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The European portion of the Eurasian plate formed as a result of a complex series of tectonic events that included the Caledonian, Variscan, and Carpathian orogenies. These orogenic events occurred along the western margin of the East European craton (a portion of the paleocontinent Baltica). In recognition of the complexity of the rifting that formed this margin in the Neoproterozoic-Cambrian and the subsequent tectonic events along it, the region adjacent to this margin has been called the Trans-European suture zone. In order to understand the processes at work during these tectonic events, a series of large integrated geophysical and geological investigations built around large seismic refraction-experiments (POLONAISE'97, CELEBRATION 2000, ALP 2002, and SUDETES 2003) were conducted between 1997 and 2003. In this study, we compare the results of the two longest seismic profiles and their tectonic implications. These studies showed that lithospheric structure of the East European craton directly inboard of its margin is relatively uniform, and the crust consists of three layers below the sedimentary cover, and it is ∼45 km thick. The lithospheric mantle contains several reflectors, and its velocity is ∼8.2 km/s.

In the Variscides (Paleozoic platform) of northern Poland along the Trans-European suture zone, the consolidated crust beneath the sedimentary cover consists of two distinct layers, and the total crustal thickness is 30–35 km. Within the core region of the Trans-European suture zone, the crust is ∼40 km thick, but most of its upper half is the sedimentary fill of the late Paleozoic and Mesozoic Polish trough, which is underlain by a thick sequence of older continental-margin volcanic and sedimentary units. The lithospheric mantle structure is complex and indicative of a plate collision under the Trans-European suture zone region, and it has seismic velocities that are generally higher than those of the East European craton.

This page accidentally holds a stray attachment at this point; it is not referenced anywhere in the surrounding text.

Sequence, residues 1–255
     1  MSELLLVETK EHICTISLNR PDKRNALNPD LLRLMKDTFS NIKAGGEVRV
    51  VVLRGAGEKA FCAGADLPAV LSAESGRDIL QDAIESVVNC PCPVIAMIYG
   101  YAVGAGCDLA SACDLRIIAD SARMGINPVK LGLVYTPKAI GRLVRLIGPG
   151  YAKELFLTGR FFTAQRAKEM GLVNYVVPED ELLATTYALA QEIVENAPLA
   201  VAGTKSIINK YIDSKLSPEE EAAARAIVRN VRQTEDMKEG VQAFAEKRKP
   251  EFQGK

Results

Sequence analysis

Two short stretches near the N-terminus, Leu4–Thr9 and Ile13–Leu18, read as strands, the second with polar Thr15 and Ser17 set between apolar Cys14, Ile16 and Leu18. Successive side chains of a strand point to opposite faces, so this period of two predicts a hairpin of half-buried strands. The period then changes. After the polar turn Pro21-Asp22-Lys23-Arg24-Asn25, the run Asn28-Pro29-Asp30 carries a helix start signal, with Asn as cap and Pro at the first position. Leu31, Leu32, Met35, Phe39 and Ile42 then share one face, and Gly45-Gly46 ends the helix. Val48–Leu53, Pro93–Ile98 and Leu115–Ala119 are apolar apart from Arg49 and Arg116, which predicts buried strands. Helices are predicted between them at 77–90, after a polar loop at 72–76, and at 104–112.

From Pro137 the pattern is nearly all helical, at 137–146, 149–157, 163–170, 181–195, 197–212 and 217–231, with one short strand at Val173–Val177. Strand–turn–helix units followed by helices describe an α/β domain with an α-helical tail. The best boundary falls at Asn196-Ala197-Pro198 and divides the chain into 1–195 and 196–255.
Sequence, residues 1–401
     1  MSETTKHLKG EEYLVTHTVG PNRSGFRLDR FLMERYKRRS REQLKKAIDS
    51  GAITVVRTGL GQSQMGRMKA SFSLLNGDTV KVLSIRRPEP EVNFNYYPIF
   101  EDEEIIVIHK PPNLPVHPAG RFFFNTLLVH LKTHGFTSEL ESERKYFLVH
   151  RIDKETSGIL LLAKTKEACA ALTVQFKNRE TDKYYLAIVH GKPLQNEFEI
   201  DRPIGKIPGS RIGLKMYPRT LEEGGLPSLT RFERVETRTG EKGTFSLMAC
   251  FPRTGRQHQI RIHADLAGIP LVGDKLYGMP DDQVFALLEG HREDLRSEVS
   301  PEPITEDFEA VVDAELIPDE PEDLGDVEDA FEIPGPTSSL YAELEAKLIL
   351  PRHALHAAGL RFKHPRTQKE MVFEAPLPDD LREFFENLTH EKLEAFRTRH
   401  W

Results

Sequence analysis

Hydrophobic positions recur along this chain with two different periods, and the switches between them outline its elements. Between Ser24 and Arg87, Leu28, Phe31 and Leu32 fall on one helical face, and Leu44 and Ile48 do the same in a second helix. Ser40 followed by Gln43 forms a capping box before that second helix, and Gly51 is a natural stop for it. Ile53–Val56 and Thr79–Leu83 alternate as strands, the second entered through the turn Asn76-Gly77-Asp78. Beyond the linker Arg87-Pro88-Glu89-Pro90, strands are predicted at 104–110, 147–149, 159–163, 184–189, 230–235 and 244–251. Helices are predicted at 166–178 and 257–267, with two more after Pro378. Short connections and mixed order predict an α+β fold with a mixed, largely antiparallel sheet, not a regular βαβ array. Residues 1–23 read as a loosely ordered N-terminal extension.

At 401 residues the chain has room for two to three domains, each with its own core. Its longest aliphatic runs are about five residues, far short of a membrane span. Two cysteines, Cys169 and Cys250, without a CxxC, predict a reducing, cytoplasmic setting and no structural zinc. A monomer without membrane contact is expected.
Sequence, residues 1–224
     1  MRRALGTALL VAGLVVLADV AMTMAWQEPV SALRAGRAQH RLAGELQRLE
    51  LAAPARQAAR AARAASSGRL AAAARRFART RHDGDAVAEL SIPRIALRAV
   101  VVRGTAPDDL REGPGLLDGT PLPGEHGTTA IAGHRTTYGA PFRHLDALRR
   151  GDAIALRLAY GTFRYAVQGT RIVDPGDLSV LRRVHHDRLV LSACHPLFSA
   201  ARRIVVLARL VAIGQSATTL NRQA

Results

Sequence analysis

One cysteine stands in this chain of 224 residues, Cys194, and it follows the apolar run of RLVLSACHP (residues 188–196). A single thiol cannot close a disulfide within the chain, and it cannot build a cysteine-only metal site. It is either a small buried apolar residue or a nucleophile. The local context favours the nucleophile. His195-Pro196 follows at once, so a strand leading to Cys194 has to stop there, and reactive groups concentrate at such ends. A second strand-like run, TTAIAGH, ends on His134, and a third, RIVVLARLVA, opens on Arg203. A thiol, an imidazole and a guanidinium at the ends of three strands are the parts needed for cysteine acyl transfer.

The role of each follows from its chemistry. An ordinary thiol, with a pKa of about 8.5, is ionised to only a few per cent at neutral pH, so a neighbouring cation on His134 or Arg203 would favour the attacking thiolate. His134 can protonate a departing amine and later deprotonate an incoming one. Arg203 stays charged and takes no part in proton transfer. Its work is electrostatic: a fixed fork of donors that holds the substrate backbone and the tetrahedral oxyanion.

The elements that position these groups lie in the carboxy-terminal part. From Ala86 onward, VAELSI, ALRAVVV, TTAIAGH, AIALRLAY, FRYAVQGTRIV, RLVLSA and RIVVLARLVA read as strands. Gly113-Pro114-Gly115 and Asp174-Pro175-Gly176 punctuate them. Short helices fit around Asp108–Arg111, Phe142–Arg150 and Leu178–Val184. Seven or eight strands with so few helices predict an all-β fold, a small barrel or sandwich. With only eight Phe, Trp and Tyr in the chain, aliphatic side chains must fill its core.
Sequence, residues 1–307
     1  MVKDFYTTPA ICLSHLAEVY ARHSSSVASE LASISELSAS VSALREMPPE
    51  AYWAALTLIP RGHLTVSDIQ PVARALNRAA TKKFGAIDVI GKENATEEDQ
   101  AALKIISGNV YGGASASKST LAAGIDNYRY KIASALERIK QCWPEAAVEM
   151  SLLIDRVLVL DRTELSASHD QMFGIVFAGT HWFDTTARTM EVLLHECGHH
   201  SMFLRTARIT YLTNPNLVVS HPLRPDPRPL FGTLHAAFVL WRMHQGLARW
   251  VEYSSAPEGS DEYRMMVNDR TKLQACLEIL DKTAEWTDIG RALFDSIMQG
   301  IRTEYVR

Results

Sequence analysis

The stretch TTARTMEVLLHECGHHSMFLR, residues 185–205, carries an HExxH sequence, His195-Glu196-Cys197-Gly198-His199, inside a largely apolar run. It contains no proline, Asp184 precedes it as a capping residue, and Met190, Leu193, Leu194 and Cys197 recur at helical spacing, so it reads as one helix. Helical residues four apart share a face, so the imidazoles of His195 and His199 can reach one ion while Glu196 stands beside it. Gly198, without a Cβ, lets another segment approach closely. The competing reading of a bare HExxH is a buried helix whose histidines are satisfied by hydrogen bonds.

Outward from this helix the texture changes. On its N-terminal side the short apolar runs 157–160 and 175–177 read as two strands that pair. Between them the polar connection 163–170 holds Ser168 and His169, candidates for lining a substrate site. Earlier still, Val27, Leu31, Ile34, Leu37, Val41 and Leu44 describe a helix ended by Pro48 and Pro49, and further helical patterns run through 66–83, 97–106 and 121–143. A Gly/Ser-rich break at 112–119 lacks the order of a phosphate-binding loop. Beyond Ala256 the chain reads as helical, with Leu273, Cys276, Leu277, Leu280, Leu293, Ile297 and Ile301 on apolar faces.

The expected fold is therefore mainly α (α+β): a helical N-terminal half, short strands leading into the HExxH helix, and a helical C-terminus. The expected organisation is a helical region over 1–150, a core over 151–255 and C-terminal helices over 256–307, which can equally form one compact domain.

In the Carpathian region, the effects of younger collisions are present in addition to evidence of the Variscan orogeny. It is somewhat surprising that the crustal thickness beneath the Carpathians is 30–40 km, but it is not surprising that beneath the Pannonian Basin, an extensional feature, the crust is only 24–28 km thick. The thickest crust in this region (∼50 km) occurs under the rifted margin of the East European craton. The sedimentary cover in this region varies greatly in age and thickness. It is 1–3 km thick beneath the East European craton, 10 km thick the beneath Polish Basin/Lublin trough region, ∼18 km thick in the Carpathian foredeep, and 5–8 km thick beneath the Pannonian Basin. The velocity in the lithospheric mantle is 8.1–8.25 km/s beneath the East European craton, 8.2–8.4 km/s beneath the Variscides–Trans-European suture zone, and 7.8–8.0 km/s beneath Carpathian-Pannonian area. The crust and features in the lithospheric mantle appear to dip northward in this area.

In northern Poland, the rifted southwestern margin of the East European craton is abruptly bounded by the Trans-European suture zone and ultimately the Variscides over a region that is only ∼100 km wide, while the collisional zone between the East European craton and the Carpathian-Pannonian area is ∼300 km wide. In both areas, the lithospheric structure observed suggests that the Caledonian, Variscan, and Carpathian orogenies in this area were relatively “soft” collisions that left the East European craton passive margin largely intact. The structural model of the transition between the Pannonian Basin–Carpathians and the East European craton indicates northward “old” subduction under Baltica (Jurassic–Early Cretaceous). However, the thinning of the Pannonian lithosphere could be explained as the result of extension and high heat flow, with “young” southward subduction or slab rollback to the east, which took place in the Tertiary (Miocene).

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